Celina Szymanowska

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Celina Szymanowska

Celina Szymanowska (16 July 1812 – 5 March 1855) was a daughter of the Polish composer and pianist Maria Agata Szymanowska and the wife of the Polish Romantic poet Adam Mickiewicz


Celina Szymanowska, daughter of Mickiewicz's late friend the pianist Maria Agata Szymanowska, married the 14-years-older Adam Mickiewicz in Paris on 22 July 1834. The couple had six children: daughters Maria and Helena; and four sons, Władysław Mickiewicz (1838–1926), Józef Mickiewicz (1850–1938), Aleksander Mickiewicz and Jan Mickiewicz.

Celina roused the dislike of other Polish émigrés, including the Romantic poet Zygmunt Krasiński. She was accused of extravagance, poor cooking skills, a desire to dominate her husband, and mental instability.

In 1838 Celina declared herself a prophet, an incarnation of the Mother of God, and redeemer of Poland, of Polish émigrés and of the Jews. She also claimed to possess a power to heal, which she said she had successfully applied to the gravely ill Adolf Zaleski.

For a time, Adam Mickiewicz cared for his wife himself; but marital discord and Celina's mental illness drove him to attempt suicide on 17 or 18 December 1838 by jumping out a window.

When he found that Celina's mental state was getting worse, Mickiewicz had her committed to a mental hospital at Vanves, where she underwent sleep-deprivation, cold-water and mental-shock therapies.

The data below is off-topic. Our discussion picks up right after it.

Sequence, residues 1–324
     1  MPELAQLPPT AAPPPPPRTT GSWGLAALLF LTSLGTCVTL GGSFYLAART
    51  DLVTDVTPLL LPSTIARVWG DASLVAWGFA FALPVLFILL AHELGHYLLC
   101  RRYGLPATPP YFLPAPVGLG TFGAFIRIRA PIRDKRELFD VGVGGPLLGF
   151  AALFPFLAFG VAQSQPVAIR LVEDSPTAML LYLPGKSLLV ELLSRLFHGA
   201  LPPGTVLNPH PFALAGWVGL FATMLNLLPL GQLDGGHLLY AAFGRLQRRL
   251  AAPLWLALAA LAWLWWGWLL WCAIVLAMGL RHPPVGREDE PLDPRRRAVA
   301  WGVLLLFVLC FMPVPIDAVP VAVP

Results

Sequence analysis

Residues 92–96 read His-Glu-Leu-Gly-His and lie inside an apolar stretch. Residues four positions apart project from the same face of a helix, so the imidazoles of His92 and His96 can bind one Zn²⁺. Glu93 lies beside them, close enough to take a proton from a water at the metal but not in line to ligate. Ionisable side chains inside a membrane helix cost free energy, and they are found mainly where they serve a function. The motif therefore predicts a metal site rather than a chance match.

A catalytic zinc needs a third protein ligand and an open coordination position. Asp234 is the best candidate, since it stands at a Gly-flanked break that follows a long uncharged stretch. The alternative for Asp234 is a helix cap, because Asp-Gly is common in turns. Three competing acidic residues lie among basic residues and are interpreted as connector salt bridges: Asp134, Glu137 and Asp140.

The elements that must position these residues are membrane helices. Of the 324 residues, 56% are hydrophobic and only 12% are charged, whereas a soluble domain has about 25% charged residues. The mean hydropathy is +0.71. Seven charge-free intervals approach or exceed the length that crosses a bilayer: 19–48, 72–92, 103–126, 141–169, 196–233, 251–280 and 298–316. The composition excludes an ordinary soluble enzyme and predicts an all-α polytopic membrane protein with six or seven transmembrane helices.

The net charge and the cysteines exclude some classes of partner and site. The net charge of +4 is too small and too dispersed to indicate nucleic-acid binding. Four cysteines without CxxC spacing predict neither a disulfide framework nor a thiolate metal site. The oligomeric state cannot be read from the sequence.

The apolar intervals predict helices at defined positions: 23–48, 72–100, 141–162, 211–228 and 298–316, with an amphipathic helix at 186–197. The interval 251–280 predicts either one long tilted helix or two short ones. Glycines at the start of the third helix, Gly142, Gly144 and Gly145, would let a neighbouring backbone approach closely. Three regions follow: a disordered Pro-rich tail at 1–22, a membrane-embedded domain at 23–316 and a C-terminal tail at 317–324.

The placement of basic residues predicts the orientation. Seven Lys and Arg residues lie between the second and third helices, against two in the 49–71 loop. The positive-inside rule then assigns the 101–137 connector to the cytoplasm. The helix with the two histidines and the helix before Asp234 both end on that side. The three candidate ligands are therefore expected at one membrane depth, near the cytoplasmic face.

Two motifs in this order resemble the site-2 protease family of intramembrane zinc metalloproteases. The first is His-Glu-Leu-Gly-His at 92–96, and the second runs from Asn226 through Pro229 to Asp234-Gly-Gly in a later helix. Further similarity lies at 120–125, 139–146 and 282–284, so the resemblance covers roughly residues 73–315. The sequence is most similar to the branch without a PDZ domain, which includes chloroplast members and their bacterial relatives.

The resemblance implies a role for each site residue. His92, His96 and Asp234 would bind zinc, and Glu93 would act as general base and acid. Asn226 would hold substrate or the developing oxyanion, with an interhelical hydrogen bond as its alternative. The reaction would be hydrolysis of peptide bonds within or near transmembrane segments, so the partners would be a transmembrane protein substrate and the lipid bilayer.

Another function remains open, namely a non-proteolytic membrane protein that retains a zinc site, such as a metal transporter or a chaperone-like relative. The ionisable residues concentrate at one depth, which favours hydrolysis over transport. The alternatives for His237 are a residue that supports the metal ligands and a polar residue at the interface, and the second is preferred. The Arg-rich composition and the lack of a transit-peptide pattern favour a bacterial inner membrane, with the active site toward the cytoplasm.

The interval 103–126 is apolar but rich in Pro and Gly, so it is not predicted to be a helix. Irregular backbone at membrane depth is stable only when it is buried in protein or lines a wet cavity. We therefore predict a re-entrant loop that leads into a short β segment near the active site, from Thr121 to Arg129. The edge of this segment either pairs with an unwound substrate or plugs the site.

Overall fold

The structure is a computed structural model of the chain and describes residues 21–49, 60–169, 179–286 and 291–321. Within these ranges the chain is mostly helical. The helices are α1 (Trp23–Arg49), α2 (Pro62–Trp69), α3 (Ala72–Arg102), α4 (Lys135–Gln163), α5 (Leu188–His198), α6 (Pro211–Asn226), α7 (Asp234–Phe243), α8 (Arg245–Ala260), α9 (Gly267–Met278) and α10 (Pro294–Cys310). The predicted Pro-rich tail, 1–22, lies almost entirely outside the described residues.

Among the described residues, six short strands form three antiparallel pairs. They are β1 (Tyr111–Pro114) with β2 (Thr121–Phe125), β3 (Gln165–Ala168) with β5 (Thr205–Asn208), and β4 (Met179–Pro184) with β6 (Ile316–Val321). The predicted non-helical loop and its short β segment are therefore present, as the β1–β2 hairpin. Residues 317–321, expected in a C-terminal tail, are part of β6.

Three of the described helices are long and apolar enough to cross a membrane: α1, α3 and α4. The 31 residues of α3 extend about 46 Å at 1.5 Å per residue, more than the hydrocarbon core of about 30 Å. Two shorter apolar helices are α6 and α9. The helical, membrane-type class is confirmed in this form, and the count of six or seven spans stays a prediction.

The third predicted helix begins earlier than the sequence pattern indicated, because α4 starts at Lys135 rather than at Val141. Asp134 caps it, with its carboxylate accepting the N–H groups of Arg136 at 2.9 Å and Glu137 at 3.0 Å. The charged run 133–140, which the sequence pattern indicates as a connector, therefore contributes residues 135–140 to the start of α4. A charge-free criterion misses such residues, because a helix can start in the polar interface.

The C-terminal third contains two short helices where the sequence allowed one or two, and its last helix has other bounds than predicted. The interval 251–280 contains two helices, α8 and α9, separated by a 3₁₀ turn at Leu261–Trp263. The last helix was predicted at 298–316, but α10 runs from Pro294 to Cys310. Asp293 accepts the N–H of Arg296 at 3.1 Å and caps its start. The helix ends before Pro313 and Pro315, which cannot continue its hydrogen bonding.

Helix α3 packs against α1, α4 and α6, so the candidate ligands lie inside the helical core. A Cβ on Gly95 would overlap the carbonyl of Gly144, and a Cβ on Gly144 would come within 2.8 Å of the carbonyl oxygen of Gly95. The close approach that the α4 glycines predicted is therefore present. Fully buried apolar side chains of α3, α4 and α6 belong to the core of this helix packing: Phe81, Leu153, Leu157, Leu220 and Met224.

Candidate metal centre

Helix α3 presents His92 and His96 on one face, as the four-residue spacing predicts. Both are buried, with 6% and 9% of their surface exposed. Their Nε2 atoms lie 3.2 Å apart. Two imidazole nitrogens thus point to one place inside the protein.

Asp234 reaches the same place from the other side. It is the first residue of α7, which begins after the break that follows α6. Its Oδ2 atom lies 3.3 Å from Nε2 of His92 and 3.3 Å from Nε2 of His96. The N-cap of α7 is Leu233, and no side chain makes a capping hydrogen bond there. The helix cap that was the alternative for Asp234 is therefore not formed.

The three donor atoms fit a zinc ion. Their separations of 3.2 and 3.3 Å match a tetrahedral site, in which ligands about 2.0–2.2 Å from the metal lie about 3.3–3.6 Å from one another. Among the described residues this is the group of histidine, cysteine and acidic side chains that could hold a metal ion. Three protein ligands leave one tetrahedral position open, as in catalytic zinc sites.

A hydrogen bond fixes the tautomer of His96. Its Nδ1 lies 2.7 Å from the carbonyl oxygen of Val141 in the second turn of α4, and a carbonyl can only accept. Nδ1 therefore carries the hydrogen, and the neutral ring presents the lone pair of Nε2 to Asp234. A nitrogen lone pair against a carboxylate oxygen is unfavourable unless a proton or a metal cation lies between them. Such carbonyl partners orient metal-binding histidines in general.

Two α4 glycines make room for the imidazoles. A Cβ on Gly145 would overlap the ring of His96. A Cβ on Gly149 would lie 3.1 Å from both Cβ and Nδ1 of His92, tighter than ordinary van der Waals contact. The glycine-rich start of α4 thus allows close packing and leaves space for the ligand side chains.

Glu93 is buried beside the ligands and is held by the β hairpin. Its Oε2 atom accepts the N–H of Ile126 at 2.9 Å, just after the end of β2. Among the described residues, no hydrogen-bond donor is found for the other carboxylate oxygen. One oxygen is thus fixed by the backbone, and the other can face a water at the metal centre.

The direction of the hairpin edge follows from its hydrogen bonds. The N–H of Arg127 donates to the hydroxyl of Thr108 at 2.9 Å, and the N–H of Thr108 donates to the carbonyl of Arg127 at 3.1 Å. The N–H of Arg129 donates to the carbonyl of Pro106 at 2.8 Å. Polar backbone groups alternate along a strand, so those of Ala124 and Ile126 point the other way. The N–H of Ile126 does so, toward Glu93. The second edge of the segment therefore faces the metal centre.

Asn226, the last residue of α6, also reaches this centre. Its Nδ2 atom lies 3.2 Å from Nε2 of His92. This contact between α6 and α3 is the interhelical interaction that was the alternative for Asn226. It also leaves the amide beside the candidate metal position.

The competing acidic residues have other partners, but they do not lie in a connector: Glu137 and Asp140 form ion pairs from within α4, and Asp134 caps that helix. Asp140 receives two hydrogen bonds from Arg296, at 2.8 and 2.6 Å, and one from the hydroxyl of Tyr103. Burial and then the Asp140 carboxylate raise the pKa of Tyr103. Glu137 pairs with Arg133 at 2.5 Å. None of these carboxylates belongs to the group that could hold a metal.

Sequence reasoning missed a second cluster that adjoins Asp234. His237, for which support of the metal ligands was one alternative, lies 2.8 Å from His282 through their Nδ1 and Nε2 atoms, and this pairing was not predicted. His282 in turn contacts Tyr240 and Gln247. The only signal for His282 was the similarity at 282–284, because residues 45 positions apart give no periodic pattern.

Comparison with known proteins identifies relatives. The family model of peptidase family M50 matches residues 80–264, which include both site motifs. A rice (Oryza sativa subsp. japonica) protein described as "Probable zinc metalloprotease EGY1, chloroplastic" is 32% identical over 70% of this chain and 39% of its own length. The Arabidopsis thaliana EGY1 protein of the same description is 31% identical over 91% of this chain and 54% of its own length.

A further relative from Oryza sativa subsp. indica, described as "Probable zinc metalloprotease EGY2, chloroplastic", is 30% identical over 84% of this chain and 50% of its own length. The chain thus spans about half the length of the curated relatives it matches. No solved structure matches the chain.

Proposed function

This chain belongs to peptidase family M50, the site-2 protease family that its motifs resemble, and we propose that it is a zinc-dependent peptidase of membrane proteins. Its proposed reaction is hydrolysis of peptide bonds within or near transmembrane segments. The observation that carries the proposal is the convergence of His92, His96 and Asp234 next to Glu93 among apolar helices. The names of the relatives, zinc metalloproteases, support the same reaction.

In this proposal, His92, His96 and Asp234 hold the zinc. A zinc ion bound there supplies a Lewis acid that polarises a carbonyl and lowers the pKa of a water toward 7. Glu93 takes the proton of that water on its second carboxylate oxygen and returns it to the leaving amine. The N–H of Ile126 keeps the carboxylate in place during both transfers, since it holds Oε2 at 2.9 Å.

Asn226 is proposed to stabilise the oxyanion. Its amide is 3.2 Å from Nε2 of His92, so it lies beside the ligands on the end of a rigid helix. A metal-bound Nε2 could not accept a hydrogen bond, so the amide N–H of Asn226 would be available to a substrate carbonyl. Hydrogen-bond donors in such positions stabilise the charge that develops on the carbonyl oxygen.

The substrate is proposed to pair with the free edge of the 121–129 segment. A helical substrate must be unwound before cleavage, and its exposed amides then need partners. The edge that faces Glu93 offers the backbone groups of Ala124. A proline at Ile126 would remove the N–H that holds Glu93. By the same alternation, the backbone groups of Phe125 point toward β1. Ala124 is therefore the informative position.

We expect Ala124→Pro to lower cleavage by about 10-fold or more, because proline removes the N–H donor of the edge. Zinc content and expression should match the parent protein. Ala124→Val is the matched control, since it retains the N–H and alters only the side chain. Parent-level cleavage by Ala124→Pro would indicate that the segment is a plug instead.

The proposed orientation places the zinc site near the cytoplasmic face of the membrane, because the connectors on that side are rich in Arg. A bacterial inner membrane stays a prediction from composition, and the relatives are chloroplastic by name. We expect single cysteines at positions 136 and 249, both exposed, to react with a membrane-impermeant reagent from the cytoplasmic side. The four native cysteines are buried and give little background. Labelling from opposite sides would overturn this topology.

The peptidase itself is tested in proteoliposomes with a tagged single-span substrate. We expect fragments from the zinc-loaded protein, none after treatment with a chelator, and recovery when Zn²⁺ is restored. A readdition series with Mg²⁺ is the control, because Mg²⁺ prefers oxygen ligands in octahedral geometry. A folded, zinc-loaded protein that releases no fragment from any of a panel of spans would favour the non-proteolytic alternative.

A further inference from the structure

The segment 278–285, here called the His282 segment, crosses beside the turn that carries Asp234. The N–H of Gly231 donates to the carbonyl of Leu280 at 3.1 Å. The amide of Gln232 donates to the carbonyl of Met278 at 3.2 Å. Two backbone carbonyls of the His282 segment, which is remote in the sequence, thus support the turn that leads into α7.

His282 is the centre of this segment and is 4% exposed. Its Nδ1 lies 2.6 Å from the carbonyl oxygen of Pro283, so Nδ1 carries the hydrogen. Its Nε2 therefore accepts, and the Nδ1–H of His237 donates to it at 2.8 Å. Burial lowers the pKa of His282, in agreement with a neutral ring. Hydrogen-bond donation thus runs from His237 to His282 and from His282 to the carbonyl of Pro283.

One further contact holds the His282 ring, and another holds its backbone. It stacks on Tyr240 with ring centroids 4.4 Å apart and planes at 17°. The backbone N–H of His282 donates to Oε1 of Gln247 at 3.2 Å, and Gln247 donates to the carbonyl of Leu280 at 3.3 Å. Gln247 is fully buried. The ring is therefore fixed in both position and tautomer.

Celina was freed from the hospital by Andrzej Towiański, who claimed to have miraculously cured her. She believed his assurances that she had regained her mental health, and to the end of her life she remained under his influence and that of the Circle of God's Cause (Koło Sprawy Bożej).

Upon her death in 1855, she was interred at Paris' Père-Lachaise Cemetery. Exhumed, her remains were transferred to Les Champeaux Cemetery at Montmorency. The Mickiewicz family tomb exists there to the present day.

After Celina's death and the outbreak of the Crimean War in 1855, Adam Mickiewicz left his under-age children in Paris and went to Istanbul, Turkey, to organize legions to fight for Poland's independence from the Russian Empire. At Istanbul he contracted cholera and died.

See also[edit]


  • Jadwiga Maurer, "Celina Szymanowska as a Frankist," The Polish Review, vol. XXXIV, no. 4, 1989, pp. 335–47. [1]
  • Patrycja Rogacz, "La bande infernale – o kobietach w domu Mickiewicza" ("La bande infernale: About the Women in Mickiewicz's House"), N-C, 8 January 2011 [2]
  • Zbigniew Sudolski, Panny Szymanowskie i ich losy (The Szymanowski Daughters and Their Fates), Ludowa Spółdzielnia Wydawnicza, 1982, ISBN 8320533937.
  • Alina Witkowska, Celina i Adam Mickiewiczowie (Celina and Adam Mickiewicz), Kraków, Wydawnictwo Literackie, 1998, ISBN 8308029000.
  • Alicja Zdziechowicz, "Celina - kobieta, która nie mieściła się w legendzie wieszcza" ("Celina: the Woman Who Did Not Fit into the Bard's Legend"), in O czym nie mówią nam poloniści (What the Polish-Literature Scholars Do Not Tell Us), Warsaw, Wydawnictwo Szkolne PWN, 2011, ISBN 978-83-262-1014-3, pp. 162–63.
  • Tadeusz Boy-Żeleński, Brązownicy i inne szkice o Mickiewiczu (The Bardolators, and Other Sketches about Mickiewicz), Warsaw, 1930.

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